A man came into my music shop to order a compact disc (remember those — precursor to your iPod?). He wanted a song by John Prine, but didn’t know on which album it appeared.
I clicked a couple of keys on my laptop, and found the answer, mentioning that it was also on Prine’s “Greatest Hits.”
“Oh no,” he replied defensively and in mock horror! “I never buy the ‘Greatest Hits’ albums. I want it on the one where he first recorded it. I want to hear it surrounded by the rhythms and lyrics of the other songs that made up the mood of Prine’s entire album, the way he wanted it to be heard.”
My customer went on to say, “People just aren’t interested in wholeness anymore; they always want the short cut.”
An interesting conversation ensued. Ten years ago, I wouldn’t have been able to offer him the information regarding his song in two minutes. It would have taken two or three days and several phone conversations with more than one distributor from whom I ordered my music.
No denying that this represents the short cut, the quick fix, another product of the phenomenon set in place by the god of progress.
In the mid 1960s, I remember my mother exclaiming, “What did we ever do without it?” when we got our first electric clothes dryer (and right in our very own basement, no less!). And I heard her remark many times after that, “But the clothes sure don’t smell like fresh air anymore.” We used to love to press the sheets to our face and breathe in the outside air.
Everything is a trade-off. After my customer had left my shop, satisfied that I would order the CD, he thanked me in advance. He would look forward to hearing it again, he said with a smile, and to talking with me again, too. I thought how actual conversations like that occur less and less frequently these days between merchants and customers.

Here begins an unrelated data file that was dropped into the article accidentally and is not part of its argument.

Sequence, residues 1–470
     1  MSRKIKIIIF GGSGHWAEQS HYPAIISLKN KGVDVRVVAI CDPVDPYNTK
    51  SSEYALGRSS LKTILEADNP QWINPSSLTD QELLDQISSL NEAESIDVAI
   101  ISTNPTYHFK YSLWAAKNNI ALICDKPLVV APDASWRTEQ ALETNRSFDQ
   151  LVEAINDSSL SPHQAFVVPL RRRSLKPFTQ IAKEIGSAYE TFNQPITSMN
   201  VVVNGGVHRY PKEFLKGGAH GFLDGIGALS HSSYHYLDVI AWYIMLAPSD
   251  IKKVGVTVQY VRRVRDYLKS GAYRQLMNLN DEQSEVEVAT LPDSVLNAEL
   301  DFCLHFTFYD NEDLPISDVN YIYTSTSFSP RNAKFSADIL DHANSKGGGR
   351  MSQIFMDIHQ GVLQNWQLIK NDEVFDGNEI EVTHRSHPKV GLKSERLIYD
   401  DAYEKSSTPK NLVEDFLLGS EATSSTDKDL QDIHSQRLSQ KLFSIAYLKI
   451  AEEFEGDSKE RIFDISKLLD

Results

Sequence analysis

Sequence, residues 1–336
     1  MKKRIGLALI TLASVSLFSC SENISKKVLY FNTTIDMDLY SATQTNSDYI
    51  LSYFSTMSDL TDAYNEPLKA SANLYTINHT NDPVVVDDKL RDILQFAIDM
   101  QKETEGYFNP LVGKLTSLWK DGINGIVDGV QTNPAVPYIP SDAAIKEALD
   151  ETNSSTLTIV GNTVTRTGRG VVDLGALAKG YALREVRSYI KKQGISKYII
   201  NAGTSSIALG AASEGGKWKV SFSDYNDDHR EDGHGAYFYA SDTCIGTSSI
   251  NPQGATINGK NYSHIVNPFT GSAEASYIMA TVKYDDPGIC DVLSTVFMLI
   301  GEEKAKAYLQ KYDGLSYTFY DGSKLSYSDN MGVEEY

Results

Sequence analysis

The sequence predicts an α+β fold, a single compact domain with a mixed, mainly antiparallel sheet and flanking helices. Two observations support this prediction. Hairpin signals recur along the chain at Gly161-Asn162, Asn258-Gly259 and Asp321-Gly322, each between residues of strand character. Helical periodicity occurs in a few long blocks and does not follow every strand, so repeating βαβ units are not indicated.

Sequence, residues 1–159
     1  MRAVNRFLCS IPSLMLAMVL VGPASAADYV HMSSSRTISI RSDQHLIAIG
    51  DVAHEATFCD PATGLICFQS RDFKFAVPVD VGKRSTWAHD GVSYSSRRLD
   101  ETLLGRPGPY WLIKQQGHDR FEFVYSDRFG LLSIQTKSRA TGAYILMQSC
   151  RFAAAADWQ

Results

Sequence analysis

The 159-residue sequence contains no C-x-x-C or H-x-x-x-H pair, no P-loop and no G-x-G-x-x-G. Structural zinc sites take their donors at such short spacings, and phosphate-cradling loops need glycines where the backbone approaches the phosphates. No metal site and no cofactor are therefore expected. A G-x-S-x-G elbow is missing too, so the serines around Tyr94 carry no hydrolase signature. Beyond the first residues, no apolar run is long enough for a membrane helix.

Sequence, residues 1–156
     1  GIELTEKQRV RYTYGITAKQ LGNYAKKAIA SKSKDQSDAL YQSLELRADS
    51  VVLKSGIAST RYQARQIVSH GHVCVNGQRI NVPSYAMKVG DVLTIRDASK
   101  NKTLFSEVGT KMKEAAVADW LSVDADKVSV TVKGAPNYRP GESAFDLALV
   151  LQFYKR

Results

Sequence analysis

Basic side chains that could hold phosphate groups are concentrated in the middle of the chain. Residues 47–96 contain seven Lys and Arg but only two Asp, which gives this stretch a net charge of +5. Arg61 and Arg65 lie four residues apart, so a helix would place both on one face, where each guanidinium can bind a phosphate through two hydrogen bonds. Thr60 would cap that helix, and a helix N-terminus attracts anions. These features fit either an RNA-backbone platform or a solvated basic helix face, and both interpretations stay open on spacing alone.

The face-to-face exchanges with people is the aspect of running a small town business I will miss the most when the show’s over.
As the style of communication has changed, so have the many nuances of conversation. Consider the art of “texting” on a cell phone, which I myself have not mastered (not a big concern of mine). People’s questions are abbreviated when they rely on texting messages, and their answers, even more so.
Case in point: a guitar technician who works occasionally through my shop did some extensive adjustments on a used guitar that I had sold on consignment to a young, bright teenage customer.
Taking a sincere, personal interest in his work, the technician, always meticulous in his craft, returned the instrument with a hand-written note attached, explaining in detail to the young lady what he had done to the guitar, and how best to continue taking care of it.
I read the note as it sat in a corner of the store waiting to be reclaimed, sure the girl would be impressed by his work. When I saw the technician later in the week, I said what a nice note it was and asked if the girl had responded. “Oh yes, she did, in an e-mail,” he laughed.
Because he is young enough, and because I have five teen-age grandchildren, we both knew that the gist of her reply was: “Well, thank you. I appreciate your expertise, and it was nice doing business with you.”
But what she wrote in her e-mail was: “Sweet. Thanks.”
Gloucester resident Susan S. Emerson is a regular Times columnist.